Forum for Science, Industry and Business

Sponsored by:     3M 
Search our Site:

 

Depleted uranium soils battlefields

12.03.2002


Depleted uranium left from US air strikes on Sarajevo.
© AP/Hidajet delic


Report assesses chemical effects of Gulf war weapon.

Depleted uranium in weapons may have left some soldiers with kidney damage and could cause long-term environmental contamination, say British scientists. Their independent review calls for accurate exposure tests and long-term environmental monitoring in combat zones.

Depleted uranium (DU) is a dense radioactive substance. It was used in weapons to punch through heavily armoured vehicles during the Gulf War and Kosovo conflicts.



This created controversy: exploding missiles scatter radioactive and chemically toxic dust that war veterans claim has left them ill.

The majority of soldiers have not been exposed to sufficient levels of the heavy metal to be at risk from its toxic effects, the report by the UK’s Royal Society concludes1. "For the majority of soldiers on the battlefield we consider it unlikely that there will be any adverse effects," said group leader Brian Spratt, of Imperial College in London.

This implies that DU is unlikely to explain Gulf War Syndrome, although the report does not tackle this question explicitly.

However, around 200, mainly US, Gulf War soldiers who were hit by friendly fire or spent time cleaning contaminated vehicles may have inhaled enough dust to cause kidney damage, says the report. Unknown numbers of Iraqis may also have been affected.

The report’s main recommendation is that accurate, validated tests for low levels of DU in urine should be developed, and that those who are identified as exposed should undergo long-term health studies. "You want to use a battery of modern tests," says group member and metabolism researcher Barbara Clayton of the University of Southampton, UK, to identify subtle biochemical changes. Sensitive DU urine tests are expected to be available in the UK by the end of this year.

There may also be enduring environmental consequences: 70-80% of all DU weapons - around 250 tonnes in the Gulf War region alone - are thought to remain buried in soil. Children playing at the sites could be at particular risk. And decades on, corroding weapons may release DU into the soil, to be taken up by plants and animals or leached into human water supplies.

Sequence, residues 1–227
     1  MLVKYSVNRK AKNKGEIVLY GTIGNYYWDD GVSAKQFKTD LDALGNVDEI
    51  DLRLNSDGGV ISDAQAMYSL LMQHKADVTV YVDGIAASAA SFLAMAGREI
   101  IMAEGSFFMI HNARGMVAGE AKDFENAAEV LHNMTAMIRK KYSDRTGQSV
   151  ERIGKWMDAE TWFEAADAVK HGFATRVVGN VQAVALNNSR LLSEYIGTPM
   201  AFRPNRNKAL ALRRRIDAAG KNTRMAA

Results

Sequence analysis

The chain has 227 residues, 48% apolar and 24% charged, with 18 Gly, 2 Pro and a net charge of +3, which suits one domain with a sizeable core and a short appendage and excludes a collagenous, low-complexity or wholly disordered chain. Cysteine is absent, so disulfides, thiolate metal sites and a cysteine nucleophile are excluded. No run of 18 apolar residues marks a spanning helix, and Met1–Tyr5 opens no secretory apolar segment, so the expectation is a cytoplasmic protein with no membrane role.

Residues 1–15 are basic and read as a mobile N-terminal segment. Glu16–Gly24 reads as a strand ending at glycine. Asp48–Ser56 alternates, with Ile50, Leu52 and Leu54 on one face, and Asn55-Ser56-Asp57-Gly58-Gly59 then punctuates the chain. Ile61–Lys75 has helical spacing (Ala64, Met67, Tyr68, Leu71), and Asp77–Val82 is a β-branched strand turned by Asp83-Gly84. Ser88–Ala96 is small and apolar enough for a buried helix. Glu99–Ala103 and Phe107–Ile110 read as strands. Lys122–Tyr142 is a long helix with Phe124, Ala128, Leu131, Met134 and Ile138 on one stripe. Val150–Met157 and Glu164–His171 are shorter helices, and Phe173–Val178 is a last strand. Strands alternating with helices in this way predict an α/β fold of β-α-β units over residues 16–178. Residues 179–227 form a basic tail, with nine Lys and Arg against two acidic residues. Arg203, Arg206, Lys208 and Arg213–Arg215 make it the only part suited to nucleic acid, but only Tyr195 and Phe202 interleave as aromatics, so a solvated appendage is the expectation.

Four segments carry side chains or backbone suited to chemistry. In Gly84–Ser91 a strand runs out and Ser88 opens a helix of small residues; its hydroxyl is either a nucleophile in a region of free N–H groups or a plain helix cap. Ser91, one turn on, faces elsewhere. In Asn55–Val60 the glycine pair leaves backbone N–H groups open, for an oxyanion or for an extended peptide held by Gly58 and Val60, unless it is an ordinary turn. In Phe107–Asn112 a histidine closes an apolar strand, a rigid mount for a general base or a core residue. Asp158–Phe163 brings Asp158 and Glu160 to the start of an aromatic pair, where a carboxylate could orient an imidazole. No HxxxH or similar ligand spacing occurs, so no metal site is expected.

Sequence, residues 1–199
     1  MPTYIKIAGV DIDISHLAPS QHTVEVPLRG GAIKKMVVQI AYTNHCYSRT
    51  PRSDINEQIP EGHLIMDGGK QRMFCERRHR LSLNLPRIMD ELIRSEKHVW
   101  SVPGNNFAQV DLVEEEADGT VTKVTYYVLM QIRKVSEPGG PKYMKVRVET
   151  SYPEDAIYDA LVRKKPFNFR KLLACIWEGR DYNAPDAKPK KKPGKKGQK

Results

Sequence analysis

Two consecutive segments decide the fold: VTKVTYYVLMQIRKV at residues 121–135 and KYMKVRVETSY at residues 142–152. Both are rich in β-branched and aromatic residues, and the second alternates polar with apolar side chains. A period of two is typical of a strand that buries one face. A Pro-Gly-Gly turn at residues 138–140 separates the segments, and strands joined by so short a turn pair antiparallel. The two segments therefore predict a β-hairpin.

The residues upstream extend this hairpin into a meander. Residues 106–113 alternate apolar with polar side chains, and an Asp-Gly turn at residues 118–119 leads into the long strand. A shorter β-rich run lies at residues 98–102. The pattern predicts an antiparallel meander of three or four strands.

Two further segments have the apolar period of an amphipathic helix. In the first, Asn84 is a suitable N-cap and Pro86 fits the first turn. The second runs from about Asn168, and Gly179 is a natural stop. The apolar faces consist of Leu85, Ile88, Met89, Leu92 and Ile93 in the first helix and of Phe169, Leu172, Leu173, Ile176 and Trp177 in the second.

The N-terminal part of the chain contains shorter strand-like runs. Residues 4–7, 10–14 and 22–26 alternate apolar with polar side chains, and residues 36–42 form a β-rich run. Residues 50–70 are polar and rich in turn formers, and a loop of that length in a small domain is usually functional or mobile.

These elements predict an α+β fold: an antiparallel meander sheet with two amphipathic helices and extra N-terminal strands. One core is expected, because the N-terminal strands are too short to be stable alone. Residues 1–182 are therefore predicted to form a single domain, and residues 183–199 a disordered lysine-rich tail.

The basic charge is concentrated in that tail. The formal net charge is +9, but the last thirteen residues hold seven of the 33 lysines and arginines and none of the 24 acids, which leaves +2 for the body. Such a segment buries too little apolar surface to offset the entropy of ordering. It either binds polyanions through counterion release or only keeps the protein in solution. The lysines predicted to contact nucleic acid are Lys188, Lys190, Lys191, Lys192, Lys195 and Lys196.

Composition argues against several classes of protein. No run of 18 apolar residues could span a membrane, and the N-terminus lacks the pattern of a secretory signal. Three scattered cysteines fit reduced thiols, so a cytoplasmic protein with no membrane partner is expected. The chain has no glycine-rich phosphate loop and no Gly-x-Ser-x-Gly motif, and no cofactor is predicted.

Long-term monitoring of such sites is required to assess future consequences, the panel say. Removing the weapon debris is virtually impossible because its exact location is unknown. "It’s a knowledge gap," says Barry Smith, who studies pollution at the British Geological Survey in Nottingham, UK.

Uranium blitz

DU weapons were first used by Allied forces in the 1991 Gulf War: an estimated 340 tonnes were used then, and a further 11 tonnes in Bosnia and Kosovo in the late 1990s. Opinions differ on whether DU weapons are currently being used in Afghanistan.

In the first part of the Royal Society’s report, which was published last year, the committee examined the health effects of radiation exposure from DU - and concluded that there is virtually no increased risk of death from lung cancer. The chemical toxic effects of DU and its environmental impact are dealt with in the second part, published today.

The panel of experts had little evidence to work with - few human scientific studies have assessed the long-term toxic effects of DU. Anecdotal accounts report that members of a Gulf clean-up team have become seriously ill. The panel based its conclusions on the available scientific evidence and the estimated DU intakes of soldiers based on battlefield scenarios.

References

  1. The health hazards of depleted uranium munitions Part II. The Royal Society, (2002)